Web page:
We always welcome interesting conversations, so feel free to contact us if you'd like to get our perspective.
Over the past six months, we have held a series of conversations at 'The Lab' with our Sydney- and Melbourne-based communities of inquiry on the topic of Leadership & Power.
Each of these ninety minute conversations have taken us all on a real journey of discovery. Although based on a similar thread, each conversation was unique to the individual stories present in the room on that particular night. Given we explored the theme of ‘Power’ over three sessions, we had a chance to reflect on our leadership behaviours in depth, and gain a better understanding of how we relate to or express power in our own professional contexts.
Childhood experiences are formative
Our first round of conversations was geared towards understanding how each of us as individuals define and relate to power, and perhaps more importantly — where our own particular set of beliefs around power stem from. As the conversations unfolded it became clear just how significant our early experiences of power are in shaping how we view and respond to power and authority as adults.
For some of us, growing up under a dominant power figure — an authoritarian father, an iron-fisted teacher, a dictatorship government — left us with a knee-jerk reaction to rebel against authority. Others admitted to shying away from exerting their own power and influence over others, even in their leadership roles, in response to early negative experiences of power and authority. For others, being on the receiving end of a power differential during childhood had the opposite effect, leading to a firm resolve to become the one holding the power as an adult.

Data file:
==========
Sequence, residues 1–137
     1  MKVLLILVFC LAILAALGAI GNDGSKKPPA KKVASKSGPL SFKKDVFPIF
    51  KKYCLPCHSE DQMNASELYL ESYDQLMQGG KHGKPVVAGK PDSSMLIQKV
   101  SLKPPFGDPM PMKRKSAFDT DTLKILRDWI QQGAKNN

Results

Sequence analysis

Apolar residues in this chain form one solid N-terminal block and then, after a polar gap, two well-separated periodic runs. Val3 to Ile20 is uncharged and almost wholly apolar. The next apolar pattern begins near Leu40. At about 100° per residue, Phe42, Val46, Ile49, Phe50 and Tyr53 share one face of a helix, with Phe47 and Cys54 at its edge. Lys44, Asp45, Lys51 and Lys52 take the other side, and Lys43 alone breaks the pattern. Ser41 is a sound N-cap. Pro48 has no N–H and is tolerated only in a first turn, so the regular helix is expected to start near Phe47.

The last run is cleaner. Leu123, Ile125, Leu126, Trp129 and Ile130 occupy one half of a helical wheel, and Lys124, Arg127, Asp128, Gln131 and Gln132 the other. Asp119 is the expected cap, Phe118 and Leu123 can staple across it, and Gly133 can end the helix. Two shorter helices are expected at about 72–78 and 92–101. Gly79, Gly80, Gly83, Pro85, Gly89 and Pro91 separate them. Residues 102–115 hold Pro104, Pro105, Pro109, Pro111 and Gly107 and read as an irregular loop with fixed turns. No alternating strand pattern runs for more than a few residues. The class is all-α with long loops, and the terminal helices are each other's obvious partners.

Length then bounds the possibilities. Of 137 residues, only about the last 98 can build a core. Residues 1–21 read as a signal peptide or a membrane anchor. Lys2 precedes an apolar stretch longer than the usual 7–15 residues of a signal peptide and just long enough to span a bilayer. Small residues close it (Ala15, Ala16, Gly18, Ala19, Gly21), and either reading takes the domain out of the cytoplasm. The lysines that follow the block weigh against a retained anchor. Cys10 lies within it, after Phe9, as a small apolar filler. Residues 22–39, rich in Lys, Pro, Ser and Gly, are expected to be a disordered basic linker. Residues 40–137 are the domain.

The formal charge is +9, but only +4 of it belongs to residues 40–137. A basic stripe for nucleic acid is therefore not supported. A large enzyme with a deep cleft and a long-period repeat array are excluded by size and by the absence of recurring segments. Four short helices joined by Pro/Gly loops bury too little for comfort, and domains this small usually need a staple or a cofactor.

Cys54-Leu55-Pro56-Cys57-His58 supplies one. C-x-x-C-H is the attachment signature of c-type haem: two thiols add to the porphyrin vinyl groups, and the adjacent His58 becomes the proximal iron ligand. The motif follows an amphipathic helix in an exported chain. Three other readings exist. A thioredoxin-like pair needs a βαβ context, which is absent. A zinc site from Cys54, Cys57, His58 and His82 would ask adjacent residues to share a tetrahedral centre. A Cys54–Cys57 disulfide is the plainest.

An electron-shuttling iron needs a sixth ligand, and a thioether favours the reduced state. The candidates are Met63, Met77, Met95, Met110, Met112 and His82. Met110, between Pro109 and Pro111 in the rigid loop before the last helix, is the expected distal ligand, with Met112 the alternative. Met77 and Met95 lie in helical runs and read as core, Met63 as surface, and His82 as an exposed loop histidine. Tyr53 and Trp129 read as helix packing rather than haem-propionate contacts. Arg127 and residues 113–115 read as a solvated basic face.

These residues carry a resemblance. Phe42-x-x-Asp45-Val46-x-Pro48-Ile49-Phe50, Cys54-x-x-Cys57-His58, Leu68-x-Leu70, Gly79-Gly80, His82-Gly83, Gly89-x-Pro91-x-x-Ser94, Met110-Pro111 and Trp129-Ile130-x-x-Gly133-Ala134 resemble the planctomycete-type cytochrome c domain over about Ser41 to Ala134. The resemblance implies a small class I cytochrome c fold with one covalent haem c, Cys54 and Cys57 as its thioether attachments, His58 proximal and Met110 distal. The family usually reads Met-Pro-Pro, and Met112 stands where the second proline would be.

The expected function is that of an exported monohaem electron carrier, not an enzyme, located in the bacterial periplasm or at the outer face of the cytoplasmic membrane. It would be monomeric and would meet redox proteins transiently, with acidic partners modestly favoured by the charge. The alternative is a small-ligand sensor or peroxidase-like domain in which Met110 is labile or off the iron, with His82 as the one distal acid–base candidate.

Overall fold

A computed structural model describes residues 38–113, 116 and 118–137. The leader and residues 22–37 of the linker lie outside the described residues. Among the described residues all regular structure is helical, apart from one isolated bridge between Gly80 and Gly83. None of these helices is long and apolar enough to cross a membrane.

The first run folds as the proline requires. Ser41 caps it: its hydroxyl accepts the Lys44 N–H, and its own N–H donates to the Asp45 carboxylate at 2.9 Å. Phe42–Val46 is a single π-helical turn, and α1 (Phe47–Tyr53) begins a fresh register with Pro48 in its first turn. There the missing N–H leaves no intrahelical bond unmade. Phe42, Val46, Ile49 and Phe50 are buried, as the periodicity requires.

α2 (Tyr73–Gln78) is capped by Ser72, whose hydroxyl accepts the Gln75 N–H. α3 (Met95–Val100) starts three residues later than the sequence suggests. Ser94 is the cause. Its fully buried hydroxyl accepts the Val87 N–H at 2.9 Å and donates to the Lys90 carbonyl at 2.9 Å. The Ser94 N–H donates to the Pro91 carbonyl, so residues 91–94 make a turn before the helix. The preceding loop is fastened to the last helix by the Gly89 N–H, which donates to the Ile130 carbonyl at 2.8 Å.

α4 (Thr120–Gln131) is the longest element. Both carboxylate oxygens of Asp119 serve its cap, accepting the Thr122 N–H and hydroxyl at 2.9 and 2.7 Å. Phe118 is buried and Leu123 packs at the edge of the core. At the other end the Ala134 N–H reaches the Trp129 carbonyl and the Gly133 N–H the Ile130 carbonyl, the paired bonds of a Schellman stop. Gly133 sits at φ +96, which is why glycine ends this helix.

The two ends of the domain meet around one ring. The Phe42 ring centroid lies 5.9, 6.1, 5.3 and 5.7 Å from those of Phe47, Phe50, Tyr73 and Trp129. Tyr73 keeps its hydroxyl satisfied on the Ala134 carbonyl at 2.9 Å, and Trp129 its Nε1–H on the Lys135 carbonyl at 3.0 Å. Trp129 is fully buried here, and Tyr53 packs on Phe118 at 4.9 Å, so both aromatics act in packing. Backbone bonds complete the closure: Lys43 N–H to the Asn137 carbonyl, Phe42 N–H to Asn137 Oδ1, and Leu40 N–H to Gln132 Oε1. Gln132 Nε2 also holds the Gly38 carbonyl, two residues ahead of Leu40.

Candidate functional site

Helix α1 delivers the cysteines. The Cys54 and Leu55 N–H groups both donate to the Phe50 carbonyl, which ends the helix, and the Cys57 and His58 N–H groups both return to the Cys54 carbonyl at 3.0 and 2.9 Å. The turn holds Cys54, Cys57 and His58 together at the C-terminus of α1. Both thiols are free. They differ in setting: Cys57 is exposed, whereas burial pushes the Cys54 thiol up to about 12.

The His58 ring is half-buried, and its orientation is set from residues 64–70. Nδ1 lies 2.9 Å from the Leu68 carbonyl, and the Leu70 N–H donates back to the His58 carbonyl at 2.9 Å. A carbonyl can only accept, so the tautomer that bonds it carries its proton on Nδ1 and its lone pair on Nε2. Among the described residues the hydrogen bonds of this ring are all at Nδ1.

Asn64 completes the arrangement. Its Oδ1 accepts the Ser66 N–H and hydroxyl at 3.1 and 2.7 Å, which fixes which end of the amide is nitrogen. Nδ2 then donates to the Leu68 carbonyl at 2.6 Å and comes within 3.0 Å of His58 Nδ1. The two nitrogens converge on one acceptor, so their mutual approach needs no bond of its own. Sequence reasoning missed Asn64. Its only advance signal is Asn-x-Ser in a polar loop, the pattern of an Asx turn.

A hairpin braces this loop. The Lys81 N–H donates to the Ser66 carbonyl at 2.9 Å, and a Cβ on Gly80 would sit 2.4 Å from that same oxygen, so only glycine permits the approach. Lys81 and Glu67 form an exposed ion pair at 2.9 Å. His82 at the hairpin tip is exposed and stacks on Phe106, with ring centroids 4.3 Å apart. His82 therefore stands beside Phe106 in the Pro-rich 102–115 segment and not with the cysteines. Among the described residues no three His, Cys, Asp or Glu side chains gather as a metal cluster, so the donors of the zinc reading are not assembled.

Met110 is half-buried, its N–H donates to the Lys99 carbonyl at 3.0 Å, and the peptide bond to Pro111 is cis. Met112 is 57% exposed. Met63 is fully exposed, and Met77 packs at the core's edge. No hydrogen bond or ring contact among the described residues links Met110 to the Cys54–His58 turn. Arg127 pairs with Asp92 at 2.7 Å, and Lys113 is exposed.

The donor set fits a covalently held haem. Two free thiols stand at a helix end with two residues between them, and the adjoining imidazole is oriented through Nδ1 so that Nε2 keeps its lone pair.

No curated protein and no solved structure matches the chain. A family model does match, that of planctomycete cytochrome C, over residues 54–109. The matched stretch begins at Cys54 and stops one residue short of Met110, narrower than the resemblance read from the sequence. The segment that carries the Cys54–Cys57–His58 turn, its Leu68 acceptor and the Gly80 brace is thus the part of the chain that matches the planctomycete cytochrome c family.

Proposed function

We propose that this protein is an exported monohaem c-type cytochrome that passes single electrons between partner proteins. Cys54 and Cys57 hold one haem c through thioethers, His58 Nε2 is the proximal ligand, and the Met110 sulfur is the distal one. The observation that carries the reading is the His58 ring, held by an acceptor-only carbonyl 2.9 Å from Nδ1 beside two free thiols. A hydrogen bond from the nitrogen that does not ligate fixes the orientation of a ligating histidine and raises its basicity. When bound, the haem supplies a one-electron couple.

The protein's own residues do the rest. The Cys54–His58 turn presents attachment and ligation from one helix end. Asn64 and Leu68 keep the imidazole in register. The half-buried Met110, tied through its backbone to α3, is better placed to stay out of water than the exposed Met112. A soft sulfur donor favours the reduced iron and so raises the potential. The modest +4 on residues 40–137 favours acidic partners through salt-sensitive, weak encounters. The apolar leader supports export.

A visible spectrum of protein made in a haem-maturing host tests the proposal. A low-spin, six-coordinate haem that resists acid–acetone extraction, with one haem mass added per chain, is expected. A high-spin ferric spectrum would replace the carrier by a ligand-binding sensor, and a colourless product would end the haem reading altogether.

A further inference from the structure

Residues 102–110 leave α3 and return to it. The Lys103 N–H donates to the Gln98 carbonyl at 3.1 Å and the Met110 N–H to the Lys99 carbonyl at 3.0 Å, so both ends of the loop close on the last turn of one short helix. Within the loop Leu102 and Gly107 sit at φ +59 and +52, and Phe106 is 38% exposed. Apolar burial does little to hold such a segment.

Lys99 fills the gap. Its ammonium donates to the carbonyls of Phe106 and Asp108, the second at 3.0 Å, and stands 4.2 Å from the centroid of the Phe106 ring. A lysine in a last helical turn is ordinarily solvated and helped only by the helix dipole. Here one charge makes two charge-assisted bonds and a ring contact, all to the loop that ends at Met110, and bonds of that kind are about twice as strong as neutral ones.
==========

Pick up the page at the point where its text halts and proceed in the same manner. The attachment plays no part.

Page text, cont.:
What this underscores is that our individual belief systems — whether they be about ‘power’, or anything else — are a product of both our early life experience and how we respond to these life experiences.
Perhaps surprisingly for a room full of people in leadership positions, what many did share was the opinion that power is often, in one sense or another, something negative. In various participants’ voices, “power corrupts”, “power constraints”, and “power creates fear”. This pervasively negative viewpoint could simply have been a reflection of our specific audience, but it does seem that ’power’ is one of those words that can polarise people. Interestingly though, as one of the participants noted, “...when we talk about a powerful leader, this doesn’t seem to generate the same negative reaction”.
This observation led us neatly into the next round of discussions, which explored more subtle distinctions between the different types of power that exist.
Formal, informal and personal power
Our second round of conversations was a little more structured. Drawing on one of Tim’s favorite topics (‘Positive Organisational Politics’, which he taught at UNSW), we threw in a bit of theory by introducing the notion of power strategies — namely, the different ways that people exert influence over others. We presented the three main distinct types of power people have access to— formal, informal and personal — and encouraged participants to reflect on which type/s they tended to operate by.
Put simply, a power strategy based on formal power is when someone in a position of formal authority, such as a team leader or manager, uses reward and punishment to exert control over others. In this case their ability to exert influence over others stems directly from their formal title or position within an organisation or group — we call this ‘Positional Power’.